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The page below is a sample from the LabCE course Hemolytic Disease of the Fetus and Newborn. Access the complete course and earn ASCLS P.A.C.E.-approved continuing education credits by subscribing online.

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ABO HDFN: Treatment

Prenatal treatment
Prenatal management and treatment of ABO HDFN is not routinely done because:
  • Titers of anti-A and anti-B do not correlate well with severity of disease;
  • The risks of fetal monitoring (eg, amniocentesis, cordocentesis) and fetal transfusion are greater than the risk of ABO HDFN since it is usually mild and subclinical.
However, if a woman has a history of infants with moderate to severe ABO HDFN requiring treatment, she may be monitored so that the infant can be treated for possible HDFN as soon as possible.
Postnatal Treatment
Treatment of ABO HDFN usually consists of phototherapy in which the newborn is placed under a "blue light" that chemically alters bilirubin in the surface capillaries to a harmless substance. For more severe cases, exchange transfusion may be performed.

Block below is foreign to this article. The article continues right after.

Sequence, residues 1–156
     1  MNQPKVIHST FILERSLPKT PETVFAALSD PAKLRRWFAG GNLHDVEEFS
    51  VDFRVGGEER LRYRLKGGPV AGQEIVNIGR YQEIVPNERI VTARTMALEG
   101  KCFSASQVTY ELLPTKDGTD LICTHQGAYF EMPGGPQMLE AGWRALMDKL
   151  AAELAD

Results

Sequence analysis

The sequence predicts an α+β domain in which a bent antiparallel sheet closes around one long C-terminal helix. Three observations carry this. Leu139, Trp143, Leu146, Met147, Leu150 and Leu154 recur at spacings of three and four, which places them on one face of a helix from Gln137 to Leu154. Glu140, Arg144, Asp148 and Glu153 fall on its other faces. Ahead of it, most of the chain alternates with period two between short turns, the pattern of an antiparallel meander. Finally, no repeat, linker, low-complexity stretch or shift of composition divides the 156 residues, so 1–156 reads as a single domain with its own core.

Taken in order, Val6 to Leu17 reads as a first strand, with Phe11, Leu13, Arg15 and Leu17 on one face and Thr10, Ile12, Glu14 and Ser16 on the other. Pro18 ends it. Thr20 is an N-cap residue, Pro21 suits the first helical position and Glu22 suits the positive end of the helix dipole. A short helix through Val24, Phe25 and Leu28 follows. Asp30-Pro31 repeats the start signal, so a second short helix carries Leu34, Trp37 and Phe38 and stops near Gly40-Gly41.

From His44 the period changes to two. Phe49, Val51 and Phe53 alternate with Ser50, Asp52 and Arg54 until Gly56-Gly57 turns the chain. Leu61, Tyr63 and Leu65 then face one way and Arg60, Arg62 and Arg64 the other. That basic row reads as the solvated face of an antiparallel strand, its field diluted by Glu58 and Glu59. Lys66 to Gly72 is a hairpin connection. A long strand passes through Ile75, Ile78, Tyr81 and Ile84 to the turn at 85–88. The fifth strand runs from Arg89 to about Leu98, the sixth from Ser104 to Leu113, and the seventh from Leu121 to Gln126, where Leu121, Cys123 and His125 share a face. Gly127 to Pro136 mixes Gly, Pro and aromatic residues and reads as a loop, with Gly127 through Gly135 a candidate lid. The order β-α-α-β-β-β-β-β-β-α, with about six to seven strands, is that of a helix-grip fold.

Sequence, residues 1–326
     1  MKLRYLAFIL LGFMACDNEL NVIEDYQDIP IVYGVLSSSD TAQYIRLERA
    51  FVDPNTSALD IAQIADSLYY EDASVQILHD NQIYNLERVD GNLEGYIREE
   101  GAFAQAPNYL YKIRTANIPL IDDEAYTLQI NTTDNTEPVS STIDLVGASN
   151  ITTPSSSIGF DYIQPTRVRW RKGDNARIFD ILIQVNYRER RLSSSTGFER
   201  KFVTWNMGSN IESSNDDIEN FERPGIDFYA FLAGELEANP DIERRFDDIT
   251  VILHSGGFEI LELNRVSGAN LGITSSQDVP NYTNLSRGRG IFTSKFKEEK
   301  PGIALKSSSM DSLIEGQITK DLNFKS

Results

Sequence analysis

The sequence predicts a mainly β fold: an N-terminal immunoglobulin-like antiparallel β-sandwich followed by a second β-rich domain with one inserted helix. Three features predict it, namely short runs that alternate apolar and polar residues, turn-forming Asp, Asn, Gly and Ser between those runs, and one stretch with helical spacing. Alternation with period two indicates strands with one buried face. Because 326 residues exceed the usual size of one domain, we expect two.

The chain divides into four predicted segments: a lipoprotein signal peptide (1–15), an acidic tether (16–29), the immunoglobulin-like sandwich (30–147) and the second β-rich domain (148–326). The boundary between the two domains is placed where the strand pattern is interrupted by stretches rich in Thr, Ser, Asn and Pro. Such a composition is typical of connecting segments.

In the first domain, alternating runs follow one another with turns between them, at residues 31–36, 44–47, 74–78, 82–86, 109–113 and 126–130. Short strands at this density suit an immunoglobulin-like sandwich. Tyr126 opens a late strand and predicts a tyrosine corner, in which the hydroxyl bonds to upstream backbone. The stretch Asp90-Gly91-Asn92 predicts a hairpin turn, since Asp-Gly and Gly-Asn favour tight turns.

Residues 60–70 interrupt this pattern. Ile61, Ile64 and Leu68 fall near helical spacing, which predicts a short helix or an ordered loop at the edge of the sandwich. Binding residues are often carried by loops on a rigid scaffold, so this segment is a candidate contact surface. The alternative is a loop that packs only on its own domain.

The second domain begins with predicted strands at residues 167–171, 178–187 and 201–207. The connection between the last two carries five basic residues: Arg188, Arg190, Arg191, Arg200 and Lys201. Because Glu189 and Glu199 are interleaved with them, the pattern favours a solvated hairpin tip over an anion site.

Donor RBC for exchange transfusion in cases of ABO HDFN must meet these criteria:
  1. Group O
  2. Rh compatible with infant
  3. Crossmatch compatible with maternal serum*
  4. No more than 7 days old
  5. Reconstituted with AB FFP to obtain a prescribed hematocrit
  6. Cytomegalovirus (CMV) "safe" (leukoreduced and/or CMV seronegative)
  7. Negative for hemoglobin S to prevent blood from sickling under conditions of reduced oxygen concentration in the newborn
  8. Irradiated to prevent transfusion-associated graft-versus-host disease
*Red Blood Cells are crossmatched with maternal plasma, although the infant's plasma can be used if a maternal blood specimen is unavailable.